(i) When the data is embedded within the software and cannot be extracted without the software. In this situation, both the data and the software must be reviewed for release or denial under the FOIA.
(ii) Where the software itself reveals information about organizations, policies, functions, decisions, or procedures of a DLA activity, such as computer models used to forecast budget outlays, calculate retirement system costs, or optimization models on travel costs.
(iii) See part 286, subpart C, of this title for guidance on release determinations of computer software.
(4) A record must exist and be in the possession and control of DLA at the time of the request to be considered subject to this rule and the FOIA. There is no obligation to create, compile, or obtain a record to satisfy an FOIA request.
(5) If unaltered publications and processed documents, such as regulations, manuals, maps, charts, and related geophysical materials are available to the public through an established distribution system with or without charge, the provisions of 5 U.S.C. 552(a)(3) normally do not apply, and requests for such need not be processed under the FOIA. Normally, documents disclosed to the public by publication in the Federal Register also require no processing under the FOIA. In such cases, DLA activities should direct the requester to the appropriate source to obtain the record.
(e) Appellate authority. The Director, DLA, or his designee, except for fee waivers and category determinations. The appellate authority for such appeals is the Staff Director, Office of Administration, HQ DLA.
(f) DLA activity. An element of DLA authorized to receive and act independently on FOIA requests. A DLA activity has its own FOIA manager, initial denial authority, and office of counsel.
(g) Electronic data. Those records and information which are created, stored, and retrievable by electronic means. This does not include computer software, which is the tool by which to create, store, or retrieve electronic data. See paragraphs (d)(2)(ii) and (d)(3) of this section for a discussion of computer software.
(h) FOIA request. A written request for records made by any person, including a member of the public (U.S. or foreign citizen), an organization, or a business, but not including a Federal agency or a fugitive from the law, that either explicitly or implicitly invokes the FOIA, DoD 5400.7-R, DLAR 5400.14, this rule, or DLA activity supplementing regulations or instructions.
(i) Initial denial authority (IDA). An official who has been granted authority by the Director, DLA, to withhold records requested under the FOIA for one or more of the nine categories of records exempt from mandatory disclosure or to issue a “no record” determination. These include the Directors (or equivalent) of HQ DLA Primary Staff Elements (PSE's) and the Commanders (or equivalent) of PLFA's. For fee waiver and requester category determinations, the initial denial authority is the FOIA manager or head of the FOIA unit.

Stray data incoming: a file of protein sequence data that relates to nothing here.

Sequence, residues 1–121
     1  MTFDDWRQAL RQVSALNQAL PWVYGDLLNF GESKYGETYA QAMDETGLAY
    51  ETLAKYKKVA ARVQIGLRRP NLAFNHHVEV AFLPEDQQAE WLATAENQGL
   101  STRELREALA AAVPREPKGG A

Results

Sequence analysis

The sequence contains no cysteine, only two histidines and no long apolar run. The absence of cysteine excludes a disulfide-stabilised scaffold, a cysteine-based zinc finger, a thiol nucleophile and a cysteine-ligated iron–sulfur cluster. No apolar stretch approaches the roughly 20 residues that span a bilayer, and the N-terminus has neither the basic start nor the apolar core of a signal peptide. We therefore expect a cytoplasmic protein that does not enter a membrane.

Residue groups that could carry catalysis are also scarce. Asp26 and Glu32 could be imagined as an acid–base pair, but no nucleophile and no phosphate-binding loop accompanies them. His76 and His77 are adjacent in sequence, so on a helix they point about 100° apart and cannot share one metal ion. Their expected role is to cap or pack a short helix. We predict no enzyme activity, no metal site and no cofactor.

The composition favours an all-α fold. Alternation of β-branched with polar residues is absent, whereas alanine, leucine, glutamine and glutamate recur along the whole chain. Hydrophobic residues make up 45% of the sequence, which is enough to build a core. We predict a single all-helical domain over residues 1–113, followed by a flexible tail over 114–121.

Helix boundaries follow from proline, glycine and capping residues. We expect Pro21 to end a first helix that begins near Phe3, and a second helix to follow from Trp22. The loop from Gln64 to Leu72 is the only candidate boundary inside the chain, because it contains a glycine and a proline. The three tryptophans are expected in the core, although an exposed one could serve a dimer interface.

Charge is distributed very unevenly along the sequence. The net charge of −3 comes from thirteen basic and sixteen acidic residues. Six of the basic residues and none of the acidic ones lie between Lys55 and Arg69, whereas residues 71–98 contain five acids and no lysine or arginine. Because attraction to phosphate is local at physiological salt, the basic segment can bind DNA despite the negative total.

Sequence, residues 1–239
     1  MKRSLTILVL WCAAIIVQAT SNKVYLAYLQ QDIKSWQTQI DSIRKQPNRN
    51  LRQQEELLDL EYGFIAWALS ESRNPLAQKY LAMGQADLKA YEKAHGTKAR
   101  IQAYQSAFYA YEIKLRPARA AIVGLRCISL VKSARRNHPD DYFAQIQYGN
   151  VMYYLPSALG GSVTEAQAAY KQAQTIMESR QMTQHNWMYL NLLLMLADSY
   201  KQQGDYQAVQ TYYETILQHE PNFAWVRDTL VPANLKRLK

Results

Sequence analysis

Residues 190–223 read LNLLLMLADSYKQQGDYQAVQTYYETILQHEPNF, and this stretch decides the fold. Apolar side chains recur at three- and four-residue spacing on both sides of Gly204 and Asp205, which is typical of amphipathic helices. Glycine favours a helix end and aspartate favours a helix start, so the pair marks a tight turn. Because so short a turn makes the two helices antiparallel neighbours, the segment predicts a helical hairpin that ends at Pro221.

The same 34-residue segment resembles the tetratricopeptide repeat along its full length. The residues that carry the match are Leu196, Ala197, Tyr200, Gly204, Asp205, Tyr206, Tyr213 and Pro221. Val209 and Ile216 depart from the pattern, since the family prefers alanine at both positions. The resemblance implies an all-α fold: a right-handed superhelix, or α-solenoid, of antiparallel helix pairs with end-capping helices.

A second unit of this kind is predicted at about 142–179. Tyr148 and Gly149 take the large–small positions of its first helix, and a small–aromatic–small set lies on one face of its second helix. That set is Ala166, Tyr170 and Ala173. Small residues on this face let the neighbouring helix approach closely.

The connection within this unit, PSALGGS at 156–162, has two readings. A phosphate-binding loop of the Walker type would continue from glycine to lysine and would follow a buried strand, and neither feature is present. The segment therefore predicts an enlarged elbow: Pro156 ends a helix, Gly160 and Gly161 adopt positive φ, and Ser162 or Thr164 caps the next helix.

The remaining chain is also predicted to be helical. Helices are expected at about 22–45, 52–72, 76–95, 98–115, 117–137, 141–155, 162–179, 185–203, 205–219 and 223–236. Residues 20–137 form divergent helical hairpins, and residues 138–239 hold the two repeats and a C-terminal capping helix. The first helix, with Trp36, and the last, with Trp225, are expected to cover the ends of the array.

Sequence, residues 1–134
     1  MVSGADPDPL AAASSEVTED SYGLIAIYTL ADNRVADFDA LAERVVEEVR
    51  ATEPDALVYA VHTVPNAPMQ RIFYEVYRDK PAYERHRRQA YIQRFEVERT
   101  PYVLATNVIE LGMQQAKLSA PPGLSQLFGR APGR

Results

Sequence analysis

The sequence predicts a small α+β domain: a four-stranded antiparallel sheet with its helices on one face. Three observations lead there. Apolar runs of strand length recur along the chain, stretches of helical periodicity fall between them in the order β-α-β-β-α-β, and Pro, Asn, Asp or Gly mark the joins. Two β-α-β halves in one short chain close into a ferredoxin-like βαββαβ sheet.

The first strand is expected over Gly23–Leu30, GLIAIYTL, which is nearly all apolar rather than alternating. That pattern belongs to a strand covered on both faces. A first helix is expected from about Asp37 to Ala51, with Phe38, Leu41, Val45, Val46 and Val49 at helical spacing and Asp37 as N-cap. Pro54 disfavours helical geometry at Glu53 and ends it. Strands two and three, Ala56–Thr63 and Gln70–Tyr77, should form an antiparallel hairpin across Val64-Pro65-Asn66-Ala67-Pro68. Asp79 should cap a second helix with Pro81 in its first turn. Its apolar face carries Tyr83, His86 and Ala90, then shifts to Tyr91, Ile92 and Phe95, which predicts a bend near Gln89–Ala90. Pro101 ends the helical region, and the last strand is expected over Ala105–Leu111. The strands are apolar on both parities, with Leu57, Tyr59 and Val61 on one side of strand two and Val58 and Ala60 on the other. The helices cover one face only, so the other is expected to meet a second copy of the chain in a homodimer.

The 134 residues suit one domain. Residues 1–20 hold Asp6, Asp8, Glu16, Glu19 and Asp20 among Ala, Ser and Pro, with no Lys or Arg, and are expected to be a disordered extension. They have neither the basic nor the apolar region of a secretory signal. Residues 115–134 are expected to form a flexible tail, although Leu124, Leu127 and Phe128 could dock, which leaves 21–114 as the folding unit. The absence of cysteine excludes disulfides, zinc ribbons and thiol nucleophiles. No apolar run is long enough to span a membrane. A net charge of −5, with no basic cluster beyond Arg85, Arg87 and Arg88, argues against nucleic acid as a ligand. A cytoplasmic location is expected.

(j) Public interest disclosures. Those disclosures which shed light on DLA performance of its statutory duties and thus inform citizens about what their government is doing. The “public interest”, however, is not fostered by disclosure of information about private citizens that is accumulated in various governmental files that reveals little or nothing about an agency's or official's own conduct. The public interest is one of several factors considered in determining if a fee waiver is appropriate (see part 286, subpart F, of this title).
(k) Releasing official. Any individual with sufficient knowledge of a requested record or program to allow him or her to determine if harm would come through release. Releasing officials are at all levels and may be selected to review a particular document because of their expertise in the subject area. The level must be high enough to make sure that releases are made according to the policies outlined here. The authority to release records of a routine nature, such as fact sheets or local directories, may be delegated to any individual at the discretion of the denial authority. In doubtful cases, releasing officials may consult with the FOIA staff or servicing counsel prior to release.